‘Mobile and Flexible’

This is one of our first reports of the day. Very cool to be back on board the USS Milius!

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29 Responses to “”

  1. @Adam Housley

    You know I am a big proponent of BMD, and a big supporter of the fact that our Japanese Naval SDF has gone with the same SM3 systems that you have there on the USS Milius, so take this comment with a moment’s consideration, please…

    The cancellation of the land-based element of missile defense has nothing what so ever to do with the superb capabilities of the ship you were standing on. It was a political move. Please don’t equate what is gained by increased deployments of ship-board BMD with what was lost by selling out the Eastern European allies. Even from an exclusively missile-defense focus, the loss in layered capabilities is regretable.

    This week’s Iranian tests of all-solid-fuel IRBMs pretty much says that any defense plan for Europe and the Near East had better have layers and enough interceptors to deal with a salvo… and the AEGIS capable ships are committed currently at 160% of capability (we’d need 60% more ships to cover the assignments already out there and maintain readiness/repair/training)… so there will be too few available for new comitments because the U.S. isn’t building or refitting anywhere near enough new platforms.

    source for that “160” number. Other items mentioned might be of interest as well:
    http://www.dodbuzz.com/2009/09/22/missile-plan-sound-but/

    I’ll happily go further into this matter, if you’d like. Thanks.

  2. LDG,
    WOW!
    You are the expert and I have so little understanding of all this. I do see your point about layered defense. I was upset with the President’s decision to appease Russia and screw the Eastern European countries.

  3. @Sylvia

    ’tis what I do… but I certainly don’t mean to overwhelm you with too much detail.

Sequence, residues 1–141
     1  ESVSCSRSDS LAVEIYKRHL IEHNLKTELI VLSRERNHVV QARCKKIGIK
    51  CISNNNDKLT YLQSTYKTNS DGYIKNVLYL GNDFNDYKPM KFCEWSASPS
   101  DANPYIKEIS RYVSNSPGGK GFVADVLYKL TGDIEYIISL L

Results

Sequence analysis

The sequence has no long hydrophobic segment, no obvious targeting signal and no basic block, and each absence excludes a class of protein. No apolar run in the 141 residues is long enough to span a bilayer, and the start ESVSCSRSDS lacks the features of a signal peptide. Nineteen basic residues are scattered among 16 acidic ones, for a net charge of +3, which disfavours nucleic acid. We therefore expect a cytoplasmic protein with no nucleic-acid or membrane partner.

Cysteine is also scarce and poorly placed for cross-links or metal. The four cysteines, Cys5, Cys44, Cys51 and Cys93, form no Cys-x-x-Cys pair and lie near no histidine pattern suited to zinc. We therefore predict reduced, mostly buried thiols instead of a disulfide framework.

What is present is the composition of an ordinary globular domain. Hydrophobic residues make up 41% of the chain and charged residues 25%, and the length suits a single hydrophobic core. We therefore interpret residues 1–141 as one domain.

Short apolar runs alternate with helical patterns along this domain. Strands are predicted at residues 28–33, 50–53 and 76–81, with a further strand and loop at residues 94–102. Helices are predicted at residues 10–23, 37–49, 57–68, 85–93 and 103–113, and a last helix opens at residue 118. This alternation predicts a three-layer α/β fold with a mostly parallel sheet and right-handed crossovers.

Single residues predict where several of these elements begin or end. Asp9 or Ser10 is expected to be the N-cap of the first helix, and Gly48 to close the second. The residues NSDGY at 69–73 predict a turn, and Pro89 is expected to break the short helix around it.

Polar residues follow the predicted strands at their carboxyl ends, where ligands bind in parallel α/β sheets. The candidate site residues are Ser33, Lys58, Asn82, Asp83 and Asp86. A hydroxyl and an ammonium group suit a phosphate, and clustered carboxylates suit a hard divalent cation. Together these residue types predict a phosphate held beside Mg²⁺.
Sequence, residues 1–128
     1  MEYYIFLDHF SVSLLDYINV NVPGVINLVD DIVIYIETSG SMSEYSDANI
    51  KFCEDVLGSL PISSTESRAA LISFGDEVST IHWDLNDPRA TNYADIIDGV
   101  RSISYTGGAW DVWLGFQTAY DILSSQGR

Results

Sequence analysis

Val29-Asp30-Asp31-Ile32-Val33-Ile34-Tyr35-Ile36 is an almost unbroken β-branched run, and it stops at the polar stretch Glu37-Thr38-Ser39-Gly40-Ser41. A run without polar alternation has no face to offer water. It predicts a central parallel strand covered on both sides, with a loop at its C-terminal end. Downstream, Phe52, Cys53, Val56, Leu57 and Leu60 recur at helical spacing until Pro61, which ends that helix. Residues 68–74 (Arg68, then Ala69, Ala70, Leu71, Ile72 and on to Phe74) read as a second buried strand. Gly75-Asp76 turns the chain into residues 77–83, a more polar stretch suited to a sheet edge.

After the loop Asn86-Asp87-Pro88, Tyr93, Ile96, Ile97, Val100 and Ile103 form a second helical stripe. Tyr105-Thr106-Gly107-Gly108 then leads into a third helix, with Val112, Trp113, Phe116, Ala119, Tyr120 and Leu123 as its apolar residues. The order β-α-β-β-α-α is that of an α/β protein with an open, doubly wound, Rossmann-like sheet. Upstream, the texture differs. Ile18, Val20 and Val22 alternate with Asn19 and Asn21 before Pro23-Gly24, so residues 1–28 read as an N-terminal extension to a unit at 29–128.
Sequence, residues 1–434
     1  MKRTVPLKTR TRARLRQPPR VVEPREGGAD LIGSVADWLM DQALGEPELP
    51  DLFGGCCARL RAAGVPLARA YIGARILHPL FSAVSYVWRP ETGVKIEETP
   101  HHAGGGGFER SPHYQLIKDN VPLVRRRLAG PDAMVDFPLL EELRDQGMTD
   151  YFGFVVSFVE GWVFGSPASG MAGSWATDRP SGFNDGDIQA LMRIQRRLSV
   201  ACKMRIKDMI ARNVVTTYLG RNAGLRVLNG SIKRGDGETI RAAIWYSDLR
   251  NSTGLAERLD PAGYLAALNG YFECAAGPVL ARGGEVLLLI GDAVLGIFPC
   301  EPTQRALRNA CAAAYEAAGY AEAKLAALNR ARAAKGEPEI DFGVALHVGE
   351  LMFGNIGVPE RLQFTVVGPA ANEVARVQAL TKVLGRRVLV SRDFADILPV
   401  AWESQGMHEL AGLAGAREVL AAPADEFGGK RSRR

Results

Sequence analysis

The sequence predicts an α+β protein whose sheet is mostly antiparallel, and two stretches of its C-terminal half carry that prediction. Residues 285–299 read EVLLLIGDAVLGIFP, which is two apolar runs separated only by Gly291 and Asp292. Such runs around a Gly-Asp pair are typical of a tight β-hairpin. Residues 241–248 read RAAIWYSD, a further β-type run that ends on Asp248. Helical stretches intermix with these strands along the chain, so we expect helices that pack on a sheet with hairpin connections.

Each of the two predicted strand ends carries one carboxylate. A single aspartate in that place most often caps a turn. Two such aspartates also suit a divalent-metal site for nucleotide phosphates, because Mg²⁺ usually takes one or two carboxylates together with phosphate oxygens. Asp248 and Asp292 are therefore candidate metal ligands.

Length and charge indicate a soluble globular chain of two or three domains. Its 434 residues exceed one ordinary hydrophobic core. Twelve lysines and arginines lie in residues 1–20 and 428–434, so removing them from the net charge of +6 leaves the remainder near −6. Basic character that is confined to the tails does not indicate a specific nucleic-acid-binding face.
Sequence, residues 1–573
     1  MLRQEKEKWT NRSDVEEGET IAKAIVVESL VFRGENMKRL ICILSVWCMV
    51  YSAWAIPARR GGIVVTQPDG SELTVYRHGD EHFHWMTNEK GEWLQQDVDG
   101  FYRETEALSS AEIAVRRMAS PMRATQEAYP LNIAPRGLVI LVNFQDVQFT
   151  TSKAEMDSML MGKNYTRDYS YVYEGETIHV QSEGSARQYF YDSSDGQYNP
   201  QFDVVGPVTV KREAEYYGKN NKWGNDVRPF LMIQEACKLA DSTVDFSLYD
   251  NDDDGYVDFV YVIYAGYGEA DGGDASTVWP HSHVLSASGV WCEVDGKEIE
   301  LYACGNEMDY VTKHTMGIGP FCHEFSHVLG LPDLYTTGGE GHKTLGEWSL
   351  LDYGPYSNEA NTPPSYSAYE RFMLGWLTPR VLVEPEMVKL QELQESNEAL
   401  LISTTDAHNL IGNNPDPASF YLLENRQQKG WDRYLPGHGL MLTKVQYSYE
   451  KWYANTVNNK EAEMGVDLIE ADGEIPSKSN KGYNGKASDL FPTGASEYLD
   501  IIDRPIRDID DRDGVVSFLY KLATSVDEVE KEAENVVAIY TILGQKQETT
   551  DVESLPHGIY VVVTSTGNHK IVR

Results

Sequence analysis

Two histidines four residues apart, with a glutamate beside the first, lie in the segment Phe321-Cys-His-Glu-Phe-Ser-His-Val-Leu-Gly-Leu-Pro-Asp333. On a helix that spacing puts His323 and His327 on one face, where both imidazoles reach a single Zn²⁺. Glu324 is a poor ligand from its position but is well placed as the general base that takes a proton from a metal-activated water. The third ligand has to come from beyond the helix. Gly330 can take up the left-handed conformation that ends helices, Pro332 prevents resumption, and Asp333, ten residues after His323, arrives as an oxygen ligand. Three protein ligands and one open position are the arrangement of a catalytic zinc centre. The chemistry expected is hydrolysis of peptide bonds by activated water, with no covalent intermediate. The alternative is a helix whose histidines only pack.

I’ll try to answer questions, if you have any.

  4. LDG,
    How does the newly elected government in Japan feel about this decision by Obama to scrap the defense plans for Eastern Europe?

  5. @Sylvia

    The new government (under Mr. Hatoyama and the Democratic Party of Japan) hasn’t weighed in with specific comments on that move, but their general line is to support the “negotiate; denuclearize; run everything through the U.N.” line that the Obama administration has been tub-thumping about.

    Not a great big surprise, that. The core element of the DPJ is what was basically the Labour-Socialist party back until the 90’s. Looked a lot like Social Democrats in Europe. Spend little on defense; talk big about the U.N. as the world’s peacekeeper; spend lots of money the country doesn’t have on things of “social merit”.

  6. (more)

    Here’s an example of what Hatoyama and crew think is important:
    http://www.breitbart.com/article.php?id=D9B30E603&show_article=1&catnum=0

    …sound familiar?

  7. LDG,
    Scary!!! Looks like these new wave politicians are in dreamland. They need to realize how dangerous this world is. Without safety the rest of the issues don’t matter.

  8. @Sylvia

    Heh. Would you be trying to make the argument that “governments exist for a reason”? (…the U.S. for example supposedly needs a government to see to: national defense / foreign affairs; the currency; and the resolution of disputes between the states… and that’s all)

    If so, you are in for some rough sailing. The “political class” in most nations sees government as self-justifying.

    Shame, that.

  9. LDG,
    I always believed in a strong defense and looked to the Federal government to provide that. The other issues have their places down the priority list. And some issues taken on by our national government shouldn’t even be on its agenda. I don’t think the site of the Olympics is a national priority if/ when Iran has nukes!

  10. @Sylvia

    It does beggar the imagination what some politicians think is national business, doesn’t it?

    By the way, did you see the results of latest “negotiations” with Iran about their nuclear program? The Americans claimed great progress… but even the French realize that *nothing* was gained.

    Iran + Missiles + Atomic Bombs = very bad

    You’d think that would be almost self-evident, wouldn’t you? But that sort of thinking gets us back to the “why cancel one part of the BMD vs. Iranian missiles?” and that is not where your government wants your thoughts to be headed.

  11. LDG,
    Even the French realize that Obama makes bad decisions. That says it all!

  12. LDG,
    I will be back later. Have to go on errands and to my Mother-in-law’s nursing home. It is her 97th birthday today.